Chesapeake Scores Court Victory to Prevent PA Royalty Class Action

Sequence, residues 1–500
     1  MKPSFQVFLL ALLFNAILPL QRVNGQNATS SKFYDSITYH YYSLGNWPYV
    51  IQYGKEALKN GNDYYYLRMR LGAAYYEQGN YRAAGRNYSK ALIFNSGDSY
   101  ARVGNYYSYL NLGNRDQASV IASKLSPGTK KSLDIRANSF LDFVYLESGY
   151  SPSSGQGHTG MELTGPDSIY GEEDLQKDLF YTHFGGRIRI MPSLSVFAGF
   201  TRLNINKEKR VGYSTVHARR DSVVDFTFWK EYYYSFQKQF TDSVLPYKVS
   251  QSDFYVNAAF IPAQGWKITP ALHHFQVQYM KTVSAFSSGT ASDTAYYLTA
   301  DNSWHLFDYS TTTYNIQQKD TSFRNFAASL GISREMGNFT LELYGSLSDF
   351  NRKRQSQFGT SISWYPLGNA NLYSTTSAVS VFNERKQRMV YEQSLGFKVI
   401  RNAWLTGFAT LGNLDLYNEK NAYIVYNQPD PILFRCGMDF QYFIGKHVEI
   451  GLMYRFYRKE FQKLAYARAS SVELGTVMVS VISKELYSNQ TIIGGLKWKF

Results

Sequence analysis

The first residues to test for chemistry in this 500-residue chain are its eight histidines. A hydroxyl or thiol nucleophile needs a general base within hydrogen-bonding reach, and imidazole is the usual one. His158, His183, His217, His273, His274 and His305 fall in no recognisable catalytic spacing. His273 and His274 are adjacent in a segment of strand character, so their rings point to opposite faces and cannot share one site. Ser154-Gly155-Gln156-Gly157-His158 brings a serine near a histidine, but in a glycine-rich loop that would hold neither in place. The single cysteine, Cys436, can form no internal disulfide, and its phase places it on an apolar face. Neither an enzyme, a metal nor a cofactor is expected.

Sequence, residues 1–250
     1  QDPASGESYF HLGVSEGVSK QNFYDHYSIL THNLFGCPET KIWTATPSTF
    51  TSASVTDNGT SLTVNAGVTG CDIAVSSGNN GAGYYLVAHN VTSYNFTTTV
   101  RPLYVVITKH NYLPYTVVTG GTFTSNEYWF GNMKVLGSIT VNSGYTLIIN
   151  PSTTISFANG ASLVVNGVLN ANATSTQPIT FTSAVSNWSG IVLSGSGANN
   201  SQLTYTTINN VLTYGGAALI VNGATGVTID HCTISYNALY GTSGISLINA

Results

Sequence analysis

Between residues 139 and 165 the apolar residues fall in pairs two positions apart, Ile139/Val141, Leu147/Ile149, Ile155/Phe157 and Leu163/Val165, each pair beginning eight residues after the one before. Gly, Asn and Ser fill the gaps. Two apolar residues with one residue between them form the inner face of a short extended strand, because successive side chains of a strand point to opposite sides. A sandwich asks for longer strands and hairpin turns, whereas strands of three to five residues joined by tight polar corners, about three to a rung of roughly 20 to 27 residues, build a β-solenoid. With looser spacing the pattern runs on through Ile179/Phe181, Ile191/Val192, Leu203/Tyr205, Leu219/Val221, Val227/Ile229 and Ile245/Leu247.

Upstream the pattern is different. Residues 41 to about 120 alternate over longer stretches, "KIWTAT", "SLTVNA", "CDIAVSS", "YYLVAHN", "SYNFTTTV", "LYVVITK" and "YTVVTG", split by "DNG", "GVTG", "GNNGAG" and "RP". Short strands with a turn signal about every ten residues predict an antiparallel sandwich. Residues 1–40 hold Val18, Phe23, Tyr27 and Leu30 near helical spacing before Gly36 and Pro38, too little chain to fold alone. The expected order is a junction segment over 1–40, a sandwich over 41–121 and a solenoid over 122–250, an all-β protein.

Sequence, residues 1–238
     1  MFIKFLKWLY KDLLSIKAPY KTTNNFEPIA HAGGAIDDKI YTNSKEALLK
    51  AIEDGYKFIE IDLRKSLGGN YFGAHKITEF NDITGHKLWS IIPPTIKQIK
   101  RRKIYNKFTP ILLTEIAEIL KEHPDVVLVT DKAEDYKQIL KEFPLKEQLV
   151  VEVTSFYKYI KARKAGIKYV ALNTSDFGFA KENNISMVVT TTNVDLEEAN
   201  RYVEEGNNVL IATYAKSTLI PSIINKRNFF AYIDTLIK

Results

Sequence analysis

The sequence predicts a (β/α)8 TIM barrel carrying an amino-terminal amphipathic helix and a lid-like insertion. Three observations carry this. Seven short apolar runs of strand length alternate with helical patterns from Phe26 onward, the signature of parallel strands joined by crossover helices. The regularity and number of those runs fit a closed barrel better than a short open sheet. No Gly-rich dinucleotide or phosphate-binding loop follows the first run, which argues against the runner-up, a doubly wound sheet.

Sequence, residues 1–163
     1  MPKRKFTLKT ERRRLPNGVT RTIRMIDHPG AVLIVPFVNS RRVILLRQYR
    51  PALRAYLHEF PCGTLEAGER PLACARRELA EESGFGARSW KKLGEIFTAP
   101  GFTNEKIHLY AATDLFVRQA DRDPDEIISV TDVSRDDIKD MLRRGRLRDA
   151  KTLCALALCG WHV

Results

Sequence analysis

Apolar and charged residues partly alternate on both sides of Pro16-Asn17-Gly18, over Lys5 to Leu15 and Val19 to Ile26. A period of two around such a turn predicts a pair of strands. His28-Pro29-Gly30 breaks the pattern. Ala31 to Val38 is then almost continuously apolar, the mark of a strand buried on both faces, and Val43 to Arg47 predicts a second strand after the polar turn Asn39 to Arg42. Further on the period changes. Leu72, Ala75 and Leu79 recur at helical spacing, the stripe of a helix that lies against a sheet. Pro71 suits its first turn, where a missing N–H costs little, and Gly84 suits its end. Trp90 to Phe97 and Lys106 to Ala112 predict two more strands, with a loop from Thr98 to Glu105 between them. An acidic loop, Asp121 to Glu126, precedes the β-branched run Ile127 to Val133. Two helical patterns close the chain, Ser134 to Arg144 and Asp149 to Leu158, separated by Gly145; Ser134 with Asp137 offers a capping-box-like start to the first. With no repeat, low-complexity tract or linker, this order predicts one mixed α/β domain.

Sometimes we wish we had gone to law school–to better understand some of the cases involved with oil and gas. This is one of those times. When you read words like “arbitrability,” the eyes start to glaze over. We’ll do our best to summarize some important news for landowners who want to sue Chesapeake over shorted royalty checks. Starting in 2008, Chesapeake Energy, under then-CEO Aubrey McClendon, began leasing acreage in northeastern Pennsylvania for shale drilling. Said drilling happened and in 2013, Scout Petroleum purchased royalty rights from some NEPA landowners. That is, Scout took over receiving the royalty payments in return for giving those landowners an up front, lump sum. In 2014, when it became obvious Chesapeake was using aggressive deductions from royalty payments (i.e. landowners were getting hosed), Scout filed a lawsuit against Chesapeake, requesting (under the lease language) that their grievances against Chessy be arbitrated AND (not specifically under the lease language) that Scout and thousands of other landowners be lumped together into class action arbitration (see Bad to Worse: PA Royalty Owner Asks Court for Chessy Class Action). Scout lost the case over class action and appealed. In late April, an appeals judge found that class action arbitration is not part of the original lease language, express or implied, and therefore is not allowed. Scout is appealing the decision once again. This is far from over, but for now, Chesapeake has a small victory in forcing landowners to file individual lawsuits…

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